Ibinex, a company that specializes in white-label solutions for cryptocurrency exchanges, has obtained a license to operate in Estonia. Besides exchange services, it also plans to offer both hot and cold wallets within the regulatory framework of the tech-savvy, crypto-friendly Baltic nation.
EU Registered Exchange and Wallet Provider
Authorities in Estonia have granted a license to Ibinex, a provider of white-label solutions for crypto exchanges and cryptocurrency trading software. In a post in the news section of its website, the company called the development “a big feather in the cap,” noting that it compliments its membership in The Financial Commission, an independent self-regulatory organization, since August, 2017.
The new Estonian license will allow Ibinex to provide a wide variety of exchange services and solutions for cryptocurrency traders, including fiat to crypto, crypto to fiat, and crypto to crypto transactions. The firm effectively enters the cryptocurrency exchange sector as a trading platform registered in an EU jurisdiction.
Ibinex is not going to restrict itself to only exchange operations. The company plans to start providing crypto wallet services, as well – both hot and cold wallets, which will be offered within the Estonian regulatory framework, the press release quotes its Chief Executive Officer, Simon Grunfeld. Ibinex will generate unique security keys for its users and will safely keep their encrypted keys. The platform will also offer storage and transfer of cryptocurrencies for their clients.
“This is the first of many licenses and registrations to come. Ibinex is excited to be one of the first licensed exchanges to be in accordance with Estonian legislation,” Grunfeld commented. The CEO of Ibinex also noted that “We’re seeing more formations of regulatory rulings for cryptos in the EU region, and due to this progressive stance, companies like ours can find a compliant framework, from which to operate under.”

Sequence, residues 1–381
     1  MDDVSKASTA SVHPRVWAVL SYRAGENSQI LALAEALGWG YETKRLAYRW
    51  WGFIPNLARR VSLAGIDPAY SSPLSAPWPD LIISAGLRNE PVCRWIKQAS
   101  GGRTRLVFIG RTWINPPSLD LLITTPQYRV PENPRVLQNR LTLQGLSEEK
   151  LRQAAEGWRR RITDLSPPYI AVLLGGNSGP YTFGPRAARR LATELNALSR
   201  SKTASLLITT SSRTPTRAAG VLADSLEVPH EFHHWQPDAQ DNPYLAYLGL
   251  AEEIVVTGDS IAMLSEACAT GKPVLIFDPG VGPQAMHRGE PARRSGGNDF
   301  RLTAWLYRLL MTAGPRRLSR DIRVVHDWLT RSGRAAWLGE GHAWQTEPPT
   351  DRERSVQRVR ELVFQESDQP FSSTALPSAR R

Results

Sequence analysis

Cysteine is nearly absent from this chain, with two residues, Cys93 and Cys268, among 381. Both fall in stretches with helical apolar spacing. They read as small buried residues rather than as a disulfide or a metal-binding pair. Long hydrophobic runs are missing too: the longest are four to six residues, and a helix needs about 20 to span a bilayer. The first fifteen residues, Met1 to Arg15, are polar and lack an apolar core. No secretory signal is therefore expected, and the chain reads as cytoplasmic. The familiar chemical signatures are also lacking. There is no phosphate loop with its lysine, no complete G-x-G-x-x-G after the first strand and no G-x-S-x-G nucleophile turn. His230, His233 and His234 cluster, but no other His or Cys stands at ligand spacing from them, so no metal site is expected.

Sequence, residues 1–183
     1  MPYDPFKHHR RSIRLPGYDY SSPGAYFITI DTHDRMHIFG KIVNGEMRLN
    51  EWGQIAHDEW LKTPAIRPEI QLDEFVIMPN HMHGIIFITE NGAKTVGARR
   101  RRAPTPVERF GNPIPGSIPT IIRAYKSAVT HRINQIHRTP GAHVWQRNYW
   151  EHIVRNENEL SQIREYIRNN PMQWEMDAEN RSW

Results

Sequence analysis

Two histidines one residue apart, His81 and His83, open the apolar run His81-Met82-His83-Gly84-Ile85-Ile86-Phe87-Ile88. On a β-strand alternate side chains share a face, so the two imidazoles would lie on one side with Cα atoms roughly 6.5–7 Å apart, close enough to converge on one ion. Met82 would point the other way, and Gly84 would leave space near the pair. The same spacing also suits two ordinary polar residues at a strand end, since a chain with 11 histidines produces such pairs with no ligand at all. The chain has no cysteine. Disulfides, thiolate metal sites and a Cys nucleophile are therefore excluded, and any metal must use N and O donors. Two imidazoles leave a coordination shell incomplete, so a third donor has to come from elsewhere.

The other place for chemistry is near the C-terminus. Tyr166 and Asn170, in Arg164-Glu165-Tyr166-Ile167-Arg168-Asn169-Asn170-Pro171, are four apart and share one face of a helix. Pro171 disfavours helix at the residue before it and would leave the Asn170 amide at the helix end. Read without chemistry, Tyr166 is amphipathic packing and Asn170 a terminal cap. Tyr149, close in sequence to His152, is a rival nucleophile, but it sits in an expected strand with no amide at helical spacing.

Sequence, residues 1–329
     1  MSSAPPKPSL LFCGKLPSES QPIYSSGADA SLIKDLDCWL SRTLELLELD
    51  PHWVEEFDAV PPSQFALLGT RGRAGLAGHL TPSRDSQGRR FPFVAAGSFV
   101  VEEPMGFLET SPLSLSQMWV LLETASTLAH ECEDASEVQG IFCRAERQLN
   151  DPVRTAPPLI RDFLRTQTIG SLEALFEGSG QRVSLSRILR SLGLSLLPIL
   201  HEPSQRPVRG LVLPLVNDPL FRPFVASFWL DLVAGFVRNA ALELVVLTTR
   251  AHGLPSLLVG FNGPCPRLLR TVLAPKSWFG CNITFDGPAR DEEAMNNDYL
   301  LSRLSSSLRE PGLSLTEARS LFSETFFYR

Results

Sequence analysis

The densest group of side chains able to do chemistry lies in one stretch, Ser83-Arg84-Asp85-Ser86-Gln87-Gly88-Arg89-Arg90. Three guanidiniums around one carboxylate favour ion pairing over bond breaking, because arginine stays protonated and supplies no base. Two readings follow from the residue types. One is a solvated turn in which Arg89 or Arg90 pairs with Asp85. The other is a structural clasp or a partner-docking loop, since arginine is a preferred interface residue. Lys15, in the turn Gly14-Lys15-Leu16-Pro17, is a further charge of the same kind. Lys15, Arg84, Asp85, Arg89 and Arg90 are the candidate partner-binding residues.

A Crypto-Friendly European Jurisdiction
Estonia, one of the smallest European nations in terms of both territory and population, became the first EU member-state to propose the creation of a national cryptocurrency. Tallinn has recently backpedaled on its plans to issue the “Estcoin”, following criticism from the European Central Bank. In September, the bank’s president, Mario Draghi, stated that “No member state can introduce its own currency” in the Eurozone.
Nevertheless, the government intends to proceed with a limited scale project and Estcoin may eventually be used to support transactions within the Estonian e-resident community. The program has issued ID cards to 35,000 foreign nationals so far, the majority of which are from Finland, Russia and Ukraine.
This and other decisions and comments by Estonian officials prove that the country remains a truly crypto-friendly jurisdiction, willing to open its doors to more and more companies from the industry. Earlier this month, authorities in Tallinn granted licenses for wallet and exchange services to Coinmetro, another cryptocurrency trading platform which will operate from within the European Union.
Estonia’s neighbors are definitely not lagging behind. Cryptocurrencies are gaining popularity throughout the Baltic region, where businesses from multiple sectors, including real estate, online trade, the hospitality industry, and even healthcare, are already accepting crypto payments, as news.Bitcon.com reported. Some of them are offering their services globally.
Latvia has partially recognized cryptocurrencies for taxation purposes. Authorities in Riga said that bitcoin could “function as a means of exchange” and 20% tax was imposed on capital gains from crypto deals. Meanwhile, Lithuania has adopted comprehensive guidelines for cryptocurrency and initial coin offerings. According to some reports, the country accounts for up to 10% of all funds raised through ICOs last year.